Alys Fowler

How to make your own herbal teas

Homemade herbal teas are a joy to make. They have a zing and a freshness that is unparalleled to anything bought, plus they are easy to make and cheap too. 

Buy a single mint plant and with a little care, you can have mint tea until you can drink no more. If you want to get fancy, you can even make your own herbal tea bags. You can find a few good tutorial for those that like to sow and those that don’t online. Though frankly there’s little wrong with a tea strainer and a teapot. You can also try using a French coffee press (the plunger sort) as it works really well if you’ve got lots of leaves.

Lemon verbena tea cupFresh herb teas are delightful, and while you can, it’s always worth brewing them but at some point in the year, your plants will be tucked up for the winter. Thus if you want an all year round supply you’ll have to dry your own teas.

Now is the perfect time to dry leaves and other ingredients for tea. Clearly it makes sense to dry leaves that are healthy, have no mould or signs of disease, that haven’t been sprayed with chemicals and if you are foraging for tea, from a source which is not near a road because no one wants to drink car fumes and heavy metal pollution in their tea!

Leaves can simply be picked off and dried indoors until they are crisp. Use a baking tray line with parchment paper, then you can fashion the paper into a funnel to use in a storage jar, when the time comes for that. Mint leaves take just a day or two; thicker leaves like bay or raspberry will take longer. It’s best to dry your leaves away from direct sunlight, which will bleach them. Sometimes it’s easiest just to pick a sprig or branch and hang the whole thing upside down above a radiator or somewhere warm. Pick off the dried leaves carefully when the whole plant is dry. Some people like to grind up the leaves so they get a potent brew, if you want to do this; either use a pestle and mortar or a clean coffee grinder.

Rosehips can be dried on a warm windowsill, in a dehydrator or on the lowest setting in your oven for several hours. They are fully dry if, when you gently push your thumbnail in, you can’t leave a mark. Rose petals dry very quickly and often reduce massively in size. Try and go for roses that smell good, as these tend to impart better flavour. Saying that, our common dog rose; Rosa canina, is great for tea as it has a lovely flavour and is readily available (though not at this time of year, you’ll have to look for hips instead!).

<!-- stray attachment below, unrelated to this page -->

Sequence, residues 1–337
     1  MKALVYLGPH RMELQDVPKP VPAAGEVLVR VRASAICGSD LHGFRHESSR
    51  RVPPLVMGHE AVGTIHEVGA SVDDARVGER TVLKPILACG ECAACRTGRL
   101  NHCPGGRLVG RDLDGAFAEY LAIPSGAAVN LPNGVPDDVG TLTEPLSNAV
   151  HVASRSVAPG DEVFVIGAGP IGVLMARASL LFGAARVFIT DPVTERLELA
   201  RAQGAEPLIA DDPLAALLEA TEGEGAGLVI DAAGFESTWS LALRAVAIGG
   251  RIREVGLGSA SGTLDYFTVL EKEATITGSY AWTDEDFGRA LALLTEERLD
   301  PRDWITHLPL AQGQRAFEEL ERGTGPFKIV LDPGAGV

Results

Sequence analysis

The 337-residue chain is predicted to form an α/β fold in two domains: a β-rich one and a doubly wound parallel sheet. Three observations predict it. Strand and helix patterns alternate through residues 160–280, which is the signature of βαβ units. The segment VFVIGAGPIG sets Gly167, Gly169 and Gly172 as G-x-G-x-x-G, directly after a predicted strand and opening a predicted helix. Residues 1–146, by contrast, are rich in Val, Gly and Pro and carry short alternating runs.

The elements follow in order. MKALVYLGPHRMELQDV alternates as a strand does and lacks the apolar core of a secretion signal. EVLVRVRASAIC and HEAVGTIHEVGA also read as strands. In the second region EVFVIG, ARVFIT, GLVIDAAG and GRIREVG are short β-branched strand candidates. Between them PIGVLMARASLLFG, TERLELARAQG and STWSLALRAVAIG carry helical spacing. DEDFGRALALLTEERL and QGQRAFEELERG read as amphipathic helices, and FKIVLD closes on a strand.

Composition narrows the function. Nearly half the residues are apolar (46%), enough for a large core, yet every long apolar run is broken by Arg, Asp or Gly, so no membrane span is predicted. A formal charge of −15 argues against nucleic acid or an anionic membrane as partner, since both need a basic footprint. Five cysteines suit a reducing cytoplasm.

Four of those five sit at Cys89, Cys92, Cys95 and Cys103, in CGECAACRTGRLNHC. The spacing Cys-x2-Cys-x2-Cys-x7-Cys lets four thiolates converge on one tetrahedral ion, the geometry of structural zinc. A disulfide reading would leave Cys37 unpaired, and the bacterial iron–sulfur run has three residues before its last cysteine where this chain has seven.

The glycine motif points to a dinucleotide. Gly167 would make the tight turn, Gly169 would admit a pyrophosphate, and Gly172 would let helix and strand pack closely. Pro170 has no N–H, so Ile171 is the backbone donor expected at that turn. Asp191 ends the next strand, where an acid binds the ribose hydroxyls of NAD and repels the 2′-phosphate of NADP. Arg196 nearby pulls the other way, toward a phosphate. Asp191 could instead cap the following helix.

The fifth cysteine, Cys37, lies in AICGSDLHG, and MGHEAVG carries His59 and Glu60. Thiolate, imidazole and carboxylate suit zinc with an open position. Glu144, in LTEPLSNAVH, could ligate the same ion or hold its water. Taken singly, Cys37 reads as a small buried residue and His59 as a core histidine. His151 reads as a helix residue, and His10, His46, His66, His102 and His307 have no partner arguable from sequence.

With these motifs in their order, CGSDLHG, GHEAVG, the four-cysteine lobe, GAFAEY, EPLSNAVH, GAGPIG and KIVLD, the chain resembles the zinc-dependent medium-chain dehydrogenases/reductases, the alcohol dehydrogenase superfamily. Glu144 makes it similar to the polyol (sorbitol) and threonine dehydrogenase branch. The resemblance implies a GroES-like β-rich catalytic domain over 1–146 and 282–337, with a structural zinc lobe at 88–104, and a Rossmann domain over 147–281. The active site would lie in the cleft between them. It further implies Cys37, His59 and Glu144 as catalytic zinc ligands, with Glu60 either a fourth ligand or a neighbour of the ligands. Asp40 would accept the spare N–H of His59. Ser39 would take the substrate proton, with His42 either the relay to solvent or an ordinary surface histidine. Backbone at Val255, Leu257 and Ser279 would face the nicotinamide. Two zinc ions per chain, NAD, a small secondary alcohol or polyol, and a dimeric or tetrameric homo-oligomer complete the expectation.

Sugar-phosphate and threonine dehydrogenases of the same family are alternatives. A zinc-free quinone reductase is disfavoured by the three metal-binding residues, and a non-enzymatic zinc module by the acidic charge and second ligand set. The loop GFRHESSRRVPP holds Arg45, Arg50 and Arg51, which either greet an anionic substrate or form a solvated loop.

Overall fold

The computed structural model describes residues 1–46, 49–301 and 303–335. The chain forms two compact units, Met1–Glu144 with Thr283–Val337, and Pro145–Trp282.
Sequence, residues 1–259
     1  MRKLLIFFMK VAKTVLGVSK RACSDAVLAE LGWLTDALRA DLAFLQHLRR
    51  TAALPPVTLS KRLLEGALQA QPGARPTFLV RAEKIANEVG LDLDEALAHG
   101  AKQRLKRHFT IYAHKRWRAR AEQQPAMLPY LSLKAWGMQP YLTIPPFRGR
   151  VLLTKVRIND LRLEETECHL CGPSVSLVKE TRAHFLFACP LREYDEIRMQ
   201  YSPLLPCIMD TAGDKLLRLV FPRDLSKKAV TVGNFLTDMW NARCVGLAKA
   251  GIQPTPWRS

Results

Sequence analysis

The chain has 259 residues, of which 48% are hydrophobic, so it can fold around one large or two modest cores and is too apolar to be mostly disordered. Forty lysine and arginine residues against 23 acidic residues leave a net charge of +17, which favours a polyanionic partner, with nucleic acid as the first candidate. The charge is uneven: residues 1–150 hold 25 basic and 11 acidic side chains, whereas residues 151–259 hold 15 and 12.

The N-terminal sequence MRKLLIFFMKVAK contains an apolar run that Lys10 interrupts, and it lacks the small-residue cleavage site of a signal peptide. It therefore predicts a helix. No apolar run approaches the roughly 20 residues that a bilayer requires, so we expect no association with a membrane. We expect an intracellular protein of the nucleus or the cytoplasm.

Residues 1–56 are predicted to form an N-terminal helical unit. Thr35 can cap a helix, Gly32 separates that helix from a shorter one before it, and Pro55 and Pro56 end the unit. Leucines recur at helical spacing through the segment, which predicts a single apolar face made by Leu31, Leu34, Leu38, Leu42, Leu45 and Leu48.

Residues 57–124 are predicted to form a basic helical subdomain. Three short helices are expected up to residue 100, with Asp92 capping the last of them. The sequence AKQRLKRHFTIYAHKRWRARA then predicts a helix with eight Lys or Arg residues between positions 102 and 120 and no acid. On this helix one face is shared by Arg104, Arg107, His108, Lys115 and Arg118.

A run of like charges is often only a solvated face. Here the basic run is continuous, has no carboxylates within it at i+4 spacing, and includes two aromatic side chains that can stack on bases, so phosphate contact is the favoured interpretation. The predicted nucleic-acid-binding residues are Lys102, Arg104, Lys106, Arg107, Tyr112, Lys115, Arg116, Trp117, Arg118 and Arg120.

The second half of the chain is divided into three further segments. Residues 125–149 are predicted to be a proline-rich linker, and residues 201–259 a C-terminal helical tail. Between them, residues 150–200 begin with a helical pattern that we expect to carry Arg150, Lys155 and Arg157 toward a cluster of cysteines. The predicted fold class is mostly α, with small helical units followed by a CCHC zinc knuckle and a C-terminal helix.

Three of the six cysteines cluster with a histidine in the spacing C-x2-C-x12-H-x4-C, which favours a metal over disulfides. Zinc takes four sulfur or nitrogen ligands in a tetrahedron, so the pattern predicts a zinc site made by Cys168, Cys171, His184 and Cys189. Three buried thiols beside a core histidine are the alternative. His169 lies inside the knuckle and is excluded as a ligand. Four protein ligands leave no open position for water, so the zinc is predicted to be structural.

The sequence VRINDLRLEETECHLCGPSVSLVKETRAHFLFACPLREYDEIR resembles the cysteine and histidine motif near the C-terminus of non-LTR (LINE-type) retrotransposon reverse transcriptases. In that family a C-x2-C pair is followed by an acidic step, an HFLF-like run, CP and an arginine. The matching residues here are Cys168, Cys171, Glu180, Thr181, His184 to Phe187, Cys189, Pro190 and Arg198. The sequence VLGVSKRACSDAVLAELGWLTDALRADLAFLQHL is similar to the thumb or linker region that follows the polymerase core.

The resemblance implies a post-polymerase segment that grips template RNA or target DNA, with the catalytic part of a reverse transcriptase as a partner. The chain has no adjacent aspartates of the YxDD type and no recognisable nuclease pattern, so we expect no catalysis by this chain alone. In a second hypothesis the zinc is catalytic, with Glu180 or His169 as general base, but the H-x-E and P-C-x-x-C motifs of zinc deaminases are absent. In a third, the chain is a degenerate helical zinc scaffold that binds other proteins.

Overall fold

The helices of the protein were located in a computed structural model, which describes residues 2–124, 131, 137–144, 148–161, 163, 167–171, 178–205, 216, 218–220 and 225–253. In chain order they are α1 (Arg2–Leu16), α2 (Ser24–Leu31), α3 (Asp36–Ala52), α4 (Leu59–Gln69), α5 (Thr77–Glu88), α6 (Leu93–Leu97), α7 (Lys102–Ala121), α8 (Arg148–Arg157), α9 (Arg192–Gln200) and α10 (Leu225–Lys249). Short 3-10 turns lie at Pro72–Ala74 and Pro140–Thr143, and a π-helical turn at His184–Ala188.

Lemon balm; Melissa officinalis, is the only herb I don’t tend to dry. I find the dried stuff tastes dull and I’d rather drink it as a seasonal tea. If however you want to dry it, just hang the whole sprig of the stuff upside down.

Once dried, all teas should be stored somewhere cool, dry and out of direct sunlight.

Mint tea

I like a blend of several different mints in my tea. My favourite is:

  • 2 parts black stemmed peppermint

  • 2 parts Tashkent mint

  • 1 part spearmint

Lemon verbena and lemon balm tea

Lemon verbena is the most delicious of all herbal teas in my mind. It’s somewhere between lemon sherbet and lemon bonbons, sweet yet not sickly, great for after dinner as a digestive.

Three lemon verbena leaves (they work just as well dried as fresh, so pick your leaves now and leave them on a warm windowsill for several days).

Lavender and rose tea

I sometimes add a little black tea to this recipe to give a little more body. This is a very floral tea that is rather nice in the afternoon with some buttery shortbread. Not to everyone’s liking, but it is very calming and if you don’t add any black tea, suitable for bedtime too.

  • One large handful of lemon balm

  • 2 teaspoons lavender seeds

  • 1 tablespoon rose hip

  • 1 tablespoon of dried rose petals

She tea (suitable for pregnant women)

Raspberry leaf is known to be great for pregnancy, nourishing and calming

  • 2 parts raspberry leaf

  • 2 parts nettle Leaf

  • 2 parts chamomile

Bay leaf tea

This tea is very good for digestion, stimulating digestion and calming angry stomachs. It tastes surprisingly delicious.

Four to five bay leaves roughly shredded and stepped using a pestle and mortar for at least five minutes. Or for a stronger tea gently boil five whole leaves for around 20 minutes. Allow to cool and drink (the latter mixture can also be used to wash your hair to help with dandruff!)

Olive leaf tea

This one is particularly good for sore throats, that horrible moment when you realise you are getting a scratchy throat and then a cold. Please consult a doctor if you are taking other medicines. Boil three or four fresh olive leaves until the water turns green. Allow to cool a little and drink. I’m going to be honest here and say that to work well the tea should taste bitter, but it does work very well. For a particularly potent brew for sore throats, try adding a spring of rosemary to the pan and a little lemon and honey so it goes down easily.

Rosehip and lemon tea

This is the perfect tea for winter. Make sure you collect rosehips from plants that haven’t been sprayed with chemicals or collect from wild roses away from main roads.

  • A large handful of dried rosehips

  • ¼ lemon (or if you have lemon verbena you can use four or five leaves of this)

  • Honey

The rosehips need to be boiled up to extract their flavour, and then add lemon and honey to taste (and a little whisky if you fancy). This one is packed with Vitamin C, as long as you don’t over boil the rosehips. Too much heat destroys the Vitamin C. Bring the tea to a gentle boil and once the water turns orange-pink take it off to cool.

Why not share your favourites by commenting below?

Alys